Early last year, Governor Ige launched the Powering Past Coal Task Force to ensure a smooth grid transition. In response, Clearway reformulated some design and procurement choices to move its start date from November 1 to July 312022.

We were very focused on the importance of why this project needed to come online before September 1, when the coal plant was being retired,” said Nicola Park, Clearway’s origination manager running utility-scale development in Hawaii. Everybody had that in mind as a really critical motivating factor behind the mission.”

This required asking regulators to sign off on an amended contract with the new timeline. It also came with a price increase to mobilize all of Clearway’s suppliers and contractors to fast-track their deliveries with overtime work, if necessary. The new contract simultaneously increased the production of the facility, and despite the extra expense, Hawaiian Electric said it still delivers the cheapest kilowatt-hours of all the forthcoming renewables projects.

Clearway could have given up on its deadlines when its key suppliers couldn’t deliver as scheduled. The bifacial solar panels got held up in Shanghai’s Covid shutdown and then in Long Beach’s port congestion. NEXTracker couldn’t get its usual power-supply equipment for the racking system that follows the sun through its daily arc.

But the solar panels eventually arrived, and Wärtsilä delivered its cube-like Quantum energy storage units, which can be hoisted off a truck bed and hooked up far more quickly than the bulky containerized systems of earlier grid storage products. NEXTracker re-engineered its trackers around different power equipment to get the job done, Park added.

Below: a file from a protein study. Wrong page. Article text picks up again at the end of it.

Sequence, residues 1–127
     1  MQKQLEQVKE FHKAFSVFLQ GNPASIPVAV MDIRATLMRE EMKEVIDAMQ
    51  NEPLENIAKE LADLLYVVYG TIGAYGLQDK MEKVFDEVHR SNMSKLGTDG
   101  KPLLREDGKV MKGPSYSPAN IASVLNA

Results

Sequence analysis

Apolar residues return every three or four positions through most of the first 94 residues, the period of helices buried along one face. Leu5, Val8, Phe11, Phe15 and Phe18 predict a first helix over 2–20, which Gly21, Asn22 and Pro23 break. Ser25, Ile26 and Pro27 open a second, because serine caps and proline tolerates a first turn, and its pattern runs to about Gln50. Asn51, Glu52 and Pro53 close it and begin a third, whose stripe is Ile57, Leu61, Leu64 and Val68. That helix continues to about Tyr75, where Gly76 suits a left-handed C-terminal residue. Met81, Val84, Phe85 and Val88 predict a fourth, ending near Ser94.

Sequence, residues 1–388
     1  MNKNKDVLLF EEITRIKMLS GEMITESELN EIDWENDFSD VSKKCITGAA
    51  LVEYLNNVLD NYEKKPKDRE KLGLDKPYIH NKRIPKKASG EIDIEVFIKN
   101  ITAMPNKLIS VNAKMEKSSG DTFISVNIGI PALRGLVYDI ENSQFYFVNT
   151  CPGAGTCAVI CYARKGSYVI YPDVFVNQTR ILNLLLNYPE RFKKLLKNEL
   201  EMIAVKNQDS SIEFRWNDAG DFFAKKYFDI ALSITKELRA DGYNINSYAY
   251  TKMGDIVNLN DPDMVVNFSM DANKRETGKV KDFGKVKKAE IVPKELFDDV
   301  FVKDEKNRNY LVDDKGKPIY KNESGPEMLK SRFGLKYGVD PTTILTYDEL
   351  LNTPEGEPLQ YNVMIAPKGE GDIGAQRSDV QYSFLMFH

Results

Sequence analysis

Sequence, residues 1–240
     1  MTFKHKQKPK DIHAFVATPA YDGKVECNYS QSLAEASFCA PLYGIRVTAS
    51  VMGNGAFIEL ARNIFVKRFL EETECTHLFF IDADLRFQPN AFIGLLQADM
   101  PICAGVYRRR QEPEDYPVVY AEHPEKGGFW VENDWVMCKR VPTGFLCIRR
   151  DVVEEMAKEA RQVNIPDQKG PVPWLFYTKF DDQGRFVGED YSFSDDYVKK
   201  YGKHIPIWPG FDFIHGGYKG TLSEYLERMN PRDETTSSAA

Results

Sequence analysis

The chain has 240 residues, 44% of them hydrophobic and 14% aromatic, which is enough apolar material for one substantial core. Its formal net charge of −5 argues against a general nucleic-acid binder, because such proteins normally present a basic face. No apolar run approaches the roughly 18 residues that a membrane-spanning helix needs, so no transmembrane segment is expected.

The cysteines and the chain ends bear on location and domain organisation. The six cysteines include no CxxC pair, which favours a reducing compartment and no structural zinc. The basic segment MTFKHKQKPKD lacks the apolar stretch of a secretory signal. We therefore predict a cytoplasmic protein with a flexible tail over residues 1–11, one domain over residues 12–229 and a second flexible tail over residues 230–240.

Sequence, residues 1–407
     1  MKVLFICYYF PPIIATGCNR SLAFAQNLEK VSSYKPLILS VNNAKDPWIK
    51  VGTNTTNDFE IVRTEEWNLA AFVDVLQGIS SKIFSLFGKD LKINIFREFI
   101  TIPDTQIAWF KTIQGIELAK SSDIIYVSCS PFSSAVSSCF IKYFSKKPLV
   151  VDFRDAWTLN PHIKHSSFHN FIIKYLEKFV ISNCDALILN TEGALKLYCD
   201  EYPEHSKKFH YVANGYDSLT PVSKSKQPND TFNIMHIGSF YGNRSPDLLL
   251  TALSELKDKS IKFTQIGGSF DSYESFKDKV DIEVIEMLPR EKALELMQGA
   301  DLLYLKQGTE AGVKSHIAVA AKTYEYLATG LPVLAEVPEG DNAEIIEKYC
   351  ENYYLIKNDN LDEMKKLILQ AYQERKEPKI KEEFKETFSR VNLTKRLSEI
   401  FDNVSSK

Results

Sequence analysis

A row of large white energy storage batteries at a solar site in Hawaii
Wärtsilä's Quantum energy storage units (Julian Spector)

It’s definitely a testament to our procurement team, and the Clearway team, for the way that we work with our partners and our equipment suppliers across the board,” Park said.

A turbulent road to success

These were only the latest ups and downs of a project that encapsulates the chaotic early phase of the American renewable energy industry. The parcel, once farmed for sugar cane by legacy Big Five” landowner Castle & Cooke, was acquired for solar development nearly a decade ago by First Wind. Before long, that company got acquired by SunEdison on its march to become the first renewable supermajor.

The drive to accumulate led to SunEdison’s undoing. When the company imploded in 2015 and 2016, independent power producer NRG acquired the rights to develop power at the Mililani site. But the project didn’t sit for long with NRG, whose board had already ousted CEO David Crane for his bets on the clean energy market.

Fund manager Global Infrastructure Partners swooped in to buy up NRG’s renewable development assets in 2018, reconstituting them as Clearway Energy. From there, it took another four years until the site was fully constructed, with the help of engineering and construction firm Moss.

Grid infrastructure takes time. But the pace of development will need to pick up if the U.S. hopes to hit its climate goals by significantly cleaning up the power sector by 2030. Now, at least, the industry is full of well-capitalized companies that can see a project through to completion, and the utility sector en masse has declared its intent to buy a lot more clean energy. New projects need not follow as circuitous a route to completion as Mililani.

Still, the macro factors that have made renewables the top choice for new U.S. power plants aren’t enough. Success requires the kind of tenacious, sweaty work seen at Mililani, to move earth and wrangle parts in spite of whatever obstacles the landscape and global trade might put up.

Julian Spector is a senior reporter at Canary Media. He reports on batteries, long-duration energy storage, low-carbon hydrogen and clean energy breakthroughs around the world.